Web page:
(Source: www.straitstimes.com)

A woman taking a selfie with an art installation in a Los Angeles exhibition two weeks ago, accidentally knocked it over.

In footage posted online on Thursday (July 13), a domino effect ensues, with the whole row of pedestals toppling over one by one. Three sculptures were said to be permanently damaged, and others to varying degrees. The cost of damage is estimated to be US$200,000 (S$274,918).

Here are five other incidents where people have accidentally damaged or discarded works of art.

1. Picasso painting punctured by elbow

In 2006, American casino magnate Steve Wynn elbowed Picasso’s 1932 painting Le Rêve, which he acquired in 2001.

Wynn had bought the artwork for an undisclosed amount, from an anonymous collector, who had snagged it at an auction in 1997 for US$48.4 million.

Wynn told The New Yorker that while talking to some friends and showing them the painting – which hedge-fund mogul Steven Cohen had already agreed to buy for a record sum of US$139 million – his right elbow accidentally hit the picture and punctured it.

Auctioneer Christopher Burge takes bids on Picasso’s The Dream in 1997. PHOTO: NPR

The painting was later restored, but Wynn told Cohen that he wanted to keep the painting.

2. Artwork sent to crushing machine

In 2000, porters at the Sotheby’s auction house threw a wooden case they believed to be empty into a crushing machine. They later found out that the case contained a study done by esteemed British artist Lucian Freud, worth £100,000 (S$178,220).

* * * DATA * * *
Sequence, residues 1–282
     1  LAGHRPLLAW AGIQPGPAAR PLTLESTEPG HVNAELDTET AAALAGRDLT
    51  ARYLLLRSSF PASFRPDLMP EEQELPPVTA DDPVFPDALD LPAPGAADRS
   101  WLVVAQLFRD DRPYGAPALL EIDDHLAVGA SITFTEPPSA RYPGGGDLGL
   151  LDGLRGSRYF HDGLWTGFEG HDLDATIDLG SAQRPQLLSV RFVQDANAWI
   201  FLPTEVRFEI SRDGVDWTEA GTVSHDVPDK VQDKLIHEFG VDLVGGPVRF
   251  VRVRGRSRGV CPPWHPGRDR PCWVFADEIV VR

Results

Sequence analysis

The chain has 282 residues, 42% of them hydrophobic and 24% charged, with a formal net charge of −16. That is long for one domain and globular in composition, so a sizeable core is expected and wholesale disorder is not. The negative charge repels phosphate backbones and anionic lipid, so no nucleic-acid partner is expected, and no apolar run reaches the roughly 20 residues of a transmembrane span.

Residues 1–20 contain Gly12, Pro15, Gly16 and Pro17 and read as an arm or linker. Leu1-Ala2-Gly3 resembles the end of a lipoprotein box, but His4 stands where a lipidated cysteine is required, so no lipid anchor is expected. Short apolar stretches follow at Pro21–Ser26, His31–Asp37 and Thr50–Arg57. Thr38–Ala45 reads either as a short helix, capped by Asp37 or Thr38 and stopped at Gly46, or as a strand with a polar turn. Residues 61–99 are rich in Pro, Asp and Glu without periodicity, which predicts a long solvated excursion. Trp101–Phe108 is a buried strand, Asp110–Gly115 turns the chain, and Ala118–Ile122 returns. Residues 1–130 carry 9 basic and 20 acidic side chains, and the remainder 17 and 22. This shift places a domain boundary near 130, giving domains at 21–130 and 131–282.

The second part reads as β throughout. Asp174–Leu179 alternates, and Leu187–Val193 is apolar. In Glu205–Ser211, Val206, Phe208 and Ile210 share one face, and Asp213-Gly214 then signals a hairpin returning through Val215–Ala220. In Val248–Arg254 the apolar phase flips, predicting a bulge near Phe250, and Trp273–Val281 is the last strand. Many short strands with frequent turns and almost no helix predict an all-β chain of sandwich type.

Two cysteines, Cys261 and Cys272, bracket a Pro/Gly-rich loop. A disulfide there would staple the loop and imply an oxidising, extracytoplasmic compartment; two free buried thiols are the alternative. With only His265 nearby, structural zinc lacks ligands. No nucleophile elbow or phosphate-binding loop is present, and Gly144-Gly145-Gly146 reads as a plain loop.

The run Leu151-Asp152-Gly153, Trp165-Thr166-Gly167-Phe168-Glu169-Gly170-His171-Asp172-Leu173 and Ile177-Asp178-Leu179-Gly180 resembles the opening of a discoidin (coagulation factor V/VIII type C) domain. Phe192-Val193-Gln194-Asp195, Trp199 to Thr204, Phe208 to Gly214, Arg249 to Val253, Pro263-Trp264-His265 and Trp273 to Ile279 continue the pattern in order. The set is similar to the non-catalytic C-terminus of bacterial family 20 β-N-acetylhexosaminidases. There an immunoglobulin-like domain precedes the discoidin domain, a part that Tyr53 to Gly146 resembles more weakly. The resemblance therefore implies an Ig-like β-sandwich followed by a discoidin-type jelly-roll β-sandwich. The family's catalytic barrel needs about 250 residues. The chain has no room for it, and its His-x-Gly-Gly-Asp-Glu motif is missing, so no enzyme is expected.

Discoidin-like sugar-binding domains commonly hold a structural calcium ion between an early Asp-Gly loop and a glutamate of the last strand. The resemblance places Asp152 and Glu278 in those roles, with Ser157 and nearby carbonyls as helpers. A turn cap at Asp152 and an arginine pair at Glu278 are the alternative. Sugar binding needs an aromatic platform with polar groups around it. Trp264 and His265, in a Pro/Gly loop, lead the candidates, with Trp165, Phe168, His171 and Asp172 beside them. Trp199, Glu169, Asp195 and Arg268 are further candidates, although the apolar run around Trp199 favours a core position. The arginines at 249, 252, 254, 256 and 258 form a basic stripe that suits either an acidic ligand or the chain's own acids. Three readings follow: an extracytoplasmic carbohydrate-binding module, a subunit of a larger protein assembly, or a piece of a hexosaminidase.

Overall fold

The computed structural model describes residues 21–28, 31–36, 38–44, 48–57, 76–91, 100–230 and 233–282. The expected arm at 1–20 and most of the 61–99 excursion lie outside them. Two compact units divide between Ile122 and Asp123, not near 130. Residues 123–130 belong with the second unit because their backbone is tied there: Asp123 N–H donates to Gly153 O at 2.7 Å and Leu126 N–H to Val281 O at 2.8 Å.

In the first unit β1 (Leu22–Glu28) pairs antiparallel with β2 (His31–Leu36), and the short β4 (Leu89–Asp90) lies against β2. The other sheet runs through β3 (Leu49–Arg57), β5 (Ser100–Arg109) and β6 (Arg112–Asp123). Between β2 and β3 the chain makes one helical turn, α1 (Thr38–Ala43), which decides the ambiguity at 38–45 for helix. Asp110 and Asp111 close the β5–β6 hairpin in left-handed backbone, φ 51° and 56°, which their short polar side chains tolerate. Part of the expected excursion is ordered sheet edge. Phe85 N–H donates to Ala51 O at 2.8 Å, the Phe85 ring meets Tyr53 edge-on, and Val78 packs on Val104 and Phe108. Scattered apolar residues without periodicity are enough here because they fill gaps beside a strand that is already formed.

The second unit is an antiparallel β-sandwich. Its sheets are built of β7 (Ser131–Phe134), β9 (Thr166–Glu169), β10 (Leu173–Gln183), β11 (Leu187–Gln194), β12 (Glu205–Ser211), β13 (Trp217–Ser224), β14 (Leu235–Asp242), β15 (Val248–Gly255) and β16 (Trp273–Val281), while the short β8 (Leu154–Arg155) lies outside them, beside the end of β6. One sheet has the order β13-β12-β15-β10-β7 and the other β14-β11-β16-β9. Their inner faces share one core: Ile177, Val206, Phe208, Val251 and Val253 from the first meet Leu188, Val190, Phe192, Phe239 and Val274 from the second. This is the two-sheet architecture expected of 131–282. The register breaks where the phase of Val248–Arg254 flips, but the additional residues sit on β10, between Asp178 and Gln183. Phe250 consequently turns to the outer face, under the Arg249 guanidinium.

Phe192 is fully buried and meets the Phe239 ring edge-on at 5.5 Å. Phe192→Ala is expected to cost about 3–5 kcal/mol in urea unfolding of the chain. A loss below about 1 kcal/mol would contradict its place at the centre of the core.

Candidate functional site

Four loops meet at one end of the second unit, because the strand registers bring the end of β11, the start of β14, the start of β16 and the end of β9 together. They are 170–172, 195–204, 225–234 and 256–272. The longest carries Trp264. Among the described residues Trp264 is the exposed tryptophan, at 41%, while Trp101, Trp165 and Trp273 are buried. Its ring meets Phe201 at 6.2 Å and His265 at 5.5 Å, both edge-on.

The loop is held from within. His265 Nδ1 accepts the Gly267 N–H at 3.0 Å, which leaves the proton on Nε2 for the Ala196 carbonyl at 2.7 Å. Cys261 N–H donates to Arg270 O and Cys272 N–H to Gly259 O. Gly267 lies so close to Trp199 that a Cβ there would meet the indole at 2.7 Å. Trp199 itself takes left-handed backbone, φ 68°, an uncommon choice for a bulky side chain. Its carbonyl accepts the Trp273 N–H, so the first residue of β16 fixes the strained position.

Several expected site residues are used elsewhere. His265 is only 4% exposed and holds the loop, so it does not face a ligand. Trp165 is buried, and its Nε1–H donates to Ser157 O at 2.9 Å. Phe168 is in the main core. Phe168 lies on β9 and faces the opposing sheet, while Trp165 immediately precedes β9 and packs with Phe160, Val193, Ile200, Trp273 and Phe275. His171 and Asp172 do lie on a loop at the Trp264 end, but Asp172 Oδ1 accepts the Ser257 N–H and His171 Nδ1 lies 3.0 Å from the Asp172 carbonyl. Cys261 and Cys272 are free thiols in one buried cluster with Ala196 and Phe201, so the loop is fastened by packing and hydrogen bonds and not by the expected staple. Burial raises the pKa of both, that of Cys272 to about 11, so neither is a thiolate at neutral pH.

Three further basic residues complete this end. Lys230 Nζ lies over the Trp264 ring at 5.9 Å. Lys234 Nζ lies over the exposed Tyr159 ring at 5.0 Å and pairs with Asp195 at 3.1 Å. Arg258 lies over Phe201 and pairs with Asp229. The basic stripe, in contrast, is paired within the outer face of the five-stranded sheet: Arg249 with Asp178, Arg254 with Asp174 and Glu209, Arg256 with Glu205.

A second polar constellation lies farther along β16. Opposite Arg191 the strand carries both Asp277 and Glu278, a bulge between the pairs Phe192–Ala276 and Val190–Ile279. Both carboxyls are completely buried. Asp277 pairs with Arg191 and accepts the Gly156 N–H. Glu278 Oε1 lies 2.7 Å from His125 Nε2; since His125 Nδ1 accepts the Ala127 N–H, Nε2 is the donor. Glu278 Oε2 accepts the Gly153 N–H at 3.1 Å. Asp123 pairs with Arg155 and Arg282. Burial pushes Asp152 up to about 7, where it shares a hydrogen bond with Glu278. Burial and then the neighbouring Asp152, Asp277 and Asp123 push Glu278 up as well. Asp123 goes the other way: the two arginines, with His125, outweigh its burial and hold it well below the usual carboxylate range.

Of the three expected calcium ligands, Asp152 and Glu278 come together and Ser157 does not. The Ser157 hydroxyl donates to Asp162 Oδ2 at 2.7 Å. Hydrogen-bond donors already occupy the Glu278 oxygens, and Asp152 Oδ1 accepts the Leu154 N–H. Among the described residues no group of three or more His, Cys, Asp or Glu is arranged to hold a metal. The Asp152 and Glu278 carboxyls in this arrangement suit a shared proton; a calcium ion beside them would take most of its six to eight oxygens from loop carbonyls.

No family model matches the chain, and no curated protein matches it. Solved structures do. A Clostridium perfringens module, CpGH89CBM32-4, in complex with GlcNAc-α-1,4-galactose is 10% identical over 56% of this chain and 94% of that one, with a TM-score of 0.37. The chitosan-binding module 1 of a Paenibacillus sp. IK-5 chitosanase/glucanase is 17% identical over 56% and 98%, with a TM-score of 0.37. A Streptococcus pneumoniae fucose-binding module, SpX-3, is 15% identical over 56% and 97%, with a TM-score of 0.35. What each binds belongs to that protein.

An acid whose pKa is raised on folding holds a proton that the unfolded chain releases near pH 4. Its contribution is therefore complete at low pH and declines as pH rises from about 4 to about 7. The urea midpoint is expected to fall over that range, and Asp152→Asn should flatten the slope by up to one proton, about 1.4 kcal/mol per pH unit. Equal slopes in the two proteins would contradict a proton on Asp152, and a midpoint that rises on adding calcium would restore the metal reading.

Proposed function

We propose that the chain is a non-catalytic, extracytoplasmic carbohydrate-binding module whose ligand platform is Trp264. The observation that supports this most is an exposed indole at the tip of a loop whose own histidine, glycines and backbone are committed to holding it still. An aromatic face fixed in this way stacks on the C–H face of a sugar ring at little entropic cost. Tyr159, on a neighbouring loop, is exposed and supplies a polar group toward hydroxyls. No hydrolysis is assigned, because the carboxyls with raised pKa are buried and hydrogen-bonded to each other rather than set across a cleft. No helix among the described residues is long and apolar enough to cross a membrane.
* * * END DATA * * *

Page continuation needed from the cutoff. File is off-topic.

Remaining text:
The mistake was found out only after the artwork, which was due to arrive at Sotheby’s, was not received by the auction house. Sotheby’s had to compensate the owner of the artwork.

3. Qing Dynasty vases shattered by rolling man

As if tripping and falling down a staircase was not bad enough, for one museum visitor in 2006,the blows did not stop there.

Upon tripping over his shoelace at the Fitzwilliam museum in Cambridge, Britain, the man fell down a staircase and crashed into three 17th century Chinese porcelain vases.

The vases from the Qing Dynasty were estimated to be worth between £200,000 and £300,000. After a six-month long restoration, the vases were put back on public display.

4. Art piece thrown away as trash

Gustav Metzger’s concept of auto-destructive art at the Temple Gallery in London on June 22 1960. PHOTO: TATE

In 2004, an employee at art museum Tate Britain in London cleared a plastic bag which he thought was trash, but was actually part of an art exhibition.

The exhibition, Recreation Of First Public Demonstration Of Auto-Destructive Art, was the work of German artist Gustav Metzger, who solved the problem by replacing the lost bag with another.

5. Pinky finger of Virgin Mary statue broken off

A 600-year-old statue in Florence, Italy, found itself missing a pinky when an American tourist accidentally snapped it off in 2013.

The tourist was trying to measure his own pinky against that of the statue, which depicted the Virgin Mary, when he accidentally broke the little finger off the statue.

Titled Annunciazione, it was the work of 15th century Florentine sculptor Giovanni d’Ambrogio.

But in a stroke of good luck for the tourist, the pinky finger he broke off was not an original part of the statue, but one made out of plaster to replace the original.

Sources: The New Yorker, Time, The Independent, The Guardian, BBC

More Info: www.straitstimes.com

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